Renewables bandwagon began in Arkwright
Former town Supervisor Frederic “Nick” Norton remembers the long grind associated with making green energy become a reality in Arkwright. Some of it was on the local end, but the larger struggle was really on the next level with New York state.
That was a headache, to say the least. “Working with the state is pure hell because I had to deal with bureaucrats,” he recalled.
It was far from the lifestyle Norton envisioned when he arrived in the north county around 23 years ago from Kenmore where he worked as an attorney. During his tenure, he represented 12 school districts while considering himself a “neighborhood lawyer.”
He came to the rural small town of 1,100 to settle down and get away from the hustle and bustle of the Buffalo suburbs. Because of his background in government — he served as a delegate at the last state Constitutional Convention in 1967 — he became involved with the municipality.
He even had a sweet way of scoring votes. When going door-to-door, Norton offered the resident a small Hershey chocolate bar for their time.
Early on, however, a feisty Norton learned two important lessons about where he lived. First, there were more cows than people living in the municipality. Second, the town — like every other government — needed more money. Its biggest industry in agriculture was facing tough times.
“The farmer was not as prosperous as he used to be,” he said. “(We needed to give) them an opportunity to be prosperous.”
His solution to the problem seems simple in today’s environment, but the early years of his term came at a time when power was generated from coal plants, such as the NRG Energy Inc. station on Dunkirk’s waterfront that shut down in 2016. He, and the town, were looking outside the box for revenues.
An infusion of cash could come to the tax base and property owners if wind turbines were built along the Arkwright hills. Once that day finally arrived and the 36 350-foot turbines began being constructed in 2018, Norton had a sense of pride and accomplishment.
His town, through his leadership, was a pioneer in making renewable energy happen here at home.
What has happened since his battle for Arkwright has taken a drastic turn. Now, New York state in an aim to move away from fossil fuels by 2040 is practically urging municipalities to make similar projects like these happen.
“We were able to make decisions on our own and now … it’s the state making the decisions,” Norton said of the process that went through the state Environmental Quality Review Act.
In the north county, they’re sprouting up around the shores of Lake Erie and in the hills. In Cassadaga and Charlotte, the building stages are reaching the finish line and the Ball Hill project in Villenova prepares to build turbines that could reach 599 feet, making them the largest turbines in the onshore continental United States, bypassing the current record holder, the Hancock Wind Project in Maine, by 25 feet.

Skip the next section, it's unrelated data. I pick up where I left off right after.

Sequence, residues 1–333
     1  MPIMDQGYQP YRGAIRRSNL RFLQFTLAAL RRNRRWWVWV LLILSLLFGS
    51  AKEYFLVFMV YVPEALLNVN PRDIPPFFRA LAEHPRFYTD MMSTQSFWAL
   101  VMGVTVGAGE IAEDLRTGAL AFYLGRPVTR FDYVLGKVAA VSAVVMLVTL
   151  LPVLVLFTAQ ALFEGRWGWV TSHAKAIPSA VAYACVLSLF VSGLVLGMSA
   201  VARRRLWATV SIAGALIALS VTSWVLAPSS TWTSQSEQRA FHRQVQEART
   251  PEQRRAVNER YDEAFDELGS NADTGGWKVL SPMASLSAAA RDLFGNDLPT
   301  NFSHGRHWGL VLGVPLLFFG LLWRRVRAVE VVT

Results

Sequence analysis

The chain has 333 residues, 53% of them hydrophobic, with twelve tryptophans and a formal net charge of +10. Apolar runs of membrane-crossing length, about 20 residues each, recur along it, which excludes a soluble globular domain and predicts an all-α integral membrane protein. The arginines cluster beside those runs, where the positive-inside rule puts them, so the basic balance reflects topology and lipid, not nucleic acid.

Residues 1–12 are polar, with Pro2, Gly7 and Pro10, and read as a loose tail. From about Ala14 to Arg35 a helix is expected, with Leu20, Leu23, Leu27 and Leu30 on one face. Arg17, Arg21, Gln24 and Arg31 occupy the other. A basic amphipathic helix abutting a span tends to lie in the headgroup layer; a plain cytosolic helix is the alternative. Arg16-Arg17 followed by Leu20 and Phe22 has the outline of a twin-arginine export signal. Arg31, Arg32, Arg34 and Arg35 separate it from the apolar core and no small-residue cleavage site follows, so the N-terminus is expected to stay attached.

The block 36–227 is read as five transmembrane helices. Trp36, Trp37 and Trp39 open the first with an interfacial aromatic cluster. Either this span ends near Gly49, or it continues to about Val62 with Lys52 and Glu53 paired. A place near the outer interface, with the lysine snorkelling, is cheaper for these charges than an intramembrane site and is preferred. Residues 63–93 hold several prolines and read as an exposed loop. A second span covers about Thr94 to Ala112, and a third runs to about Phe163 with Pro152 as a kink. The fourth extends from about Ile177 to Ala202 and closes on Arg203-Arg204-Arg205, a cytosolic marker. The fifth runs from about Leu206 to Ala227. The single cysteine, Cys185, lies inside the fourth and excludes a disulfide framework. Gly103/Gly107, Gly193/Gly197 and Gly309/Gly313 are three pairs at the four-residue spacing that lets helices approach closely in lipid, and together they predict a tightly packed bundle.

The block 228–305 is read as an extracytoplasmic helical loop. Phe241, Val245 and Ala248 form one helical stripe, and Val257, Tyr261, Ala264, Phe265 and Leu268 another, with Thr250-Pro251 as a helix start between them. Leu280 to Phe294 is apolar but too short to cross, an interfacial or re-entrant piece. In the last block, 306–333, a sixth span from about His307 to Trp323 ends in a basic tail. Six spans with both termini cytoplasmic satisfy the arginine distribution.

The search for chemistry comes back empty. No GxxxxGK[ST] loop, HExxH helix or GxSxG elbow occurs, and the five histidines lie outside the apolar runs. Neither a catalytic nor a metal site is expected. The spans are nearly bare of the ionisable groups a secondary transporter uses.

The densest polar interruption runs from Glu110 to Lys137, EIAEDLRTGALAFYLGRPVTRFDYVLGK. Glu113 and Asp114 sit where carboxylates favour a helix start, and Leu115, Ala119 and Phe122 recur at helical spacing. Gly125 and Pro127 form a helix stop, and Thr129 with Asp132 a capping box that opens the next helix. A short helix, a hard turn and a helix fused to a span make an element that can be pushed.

Additionally, Ripley has eyes on a solar facility that would be one of the largest in the northeast while Portland and Dunkirk have considered much smaller sites.
These current projects, according to Norton, are happening with much more ease. “What’s most pleasing is that it doesn’t seem to be an aggravation to the public,” he said.
Not everyone, however, has been happy. Once the windmills began operating, the Town Board and Norton faced criticism during some tense meetings. He said most of that angst came from non-residents.
“The people who are criticizing live outside of Arkwright,” he said. “They tend to live in Fredonia … and are more likely to live outside of Arkwright. … They’re not the farming community.”
Though some have called the towers a detriment to the region, Norton said he has heard from people tied to real estate who say property values in the town have increased. In addition, the town’s fiscal shape has improved.
“I wanted a new town hall and the next step would have been a town barn,” he said. Today, according to his successor Brian McAvoy, those items are closer to reality — thanks in large part to the structures that have put Arkwright on the map.
Motorists who travel the New York state Thruway on the eastbound lanes begin to get a glimpse of these towers after the Angola Service Station. “They’re handsome. They’re good looking,” Norton said. “The ones over Cassadaga are uglier than hell.
“These in Arkwright are really quite attractive. They have a Grecian elegance to them … not necessarily because we defined it that way. It just turned out that way.
“Oh yeah. I’m very proud of them.”
John D’Agostino is editor of the OBSERVER, The Post-Journal and Times Observer in Warren, Pa. Send comments to email@example.com or call 366-3000, ext. 252.